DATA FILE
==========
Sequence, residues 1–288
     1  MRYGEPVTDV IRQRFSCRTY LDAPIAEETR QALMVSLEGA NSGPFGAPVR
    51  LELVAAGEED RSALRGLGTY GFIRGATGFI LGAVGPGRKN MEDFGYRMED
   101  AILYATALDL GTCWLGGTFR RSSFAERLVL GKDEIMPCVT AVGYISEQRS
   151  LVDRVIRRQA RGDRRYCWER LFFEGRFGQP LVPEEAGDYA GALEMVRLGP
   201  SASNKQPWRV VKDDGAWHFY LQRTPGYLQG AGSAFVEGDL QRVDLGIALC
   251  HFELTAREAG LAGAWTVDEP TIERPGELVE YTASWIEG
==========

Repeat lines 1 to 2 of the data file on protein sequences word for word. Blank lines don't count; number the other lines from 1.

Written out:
Sequence, residues 1–288
     1  MRYGEPVTDV IRQRFSCRTY LDAPIAEETR QALMVSLEGA NSGPFGAPVR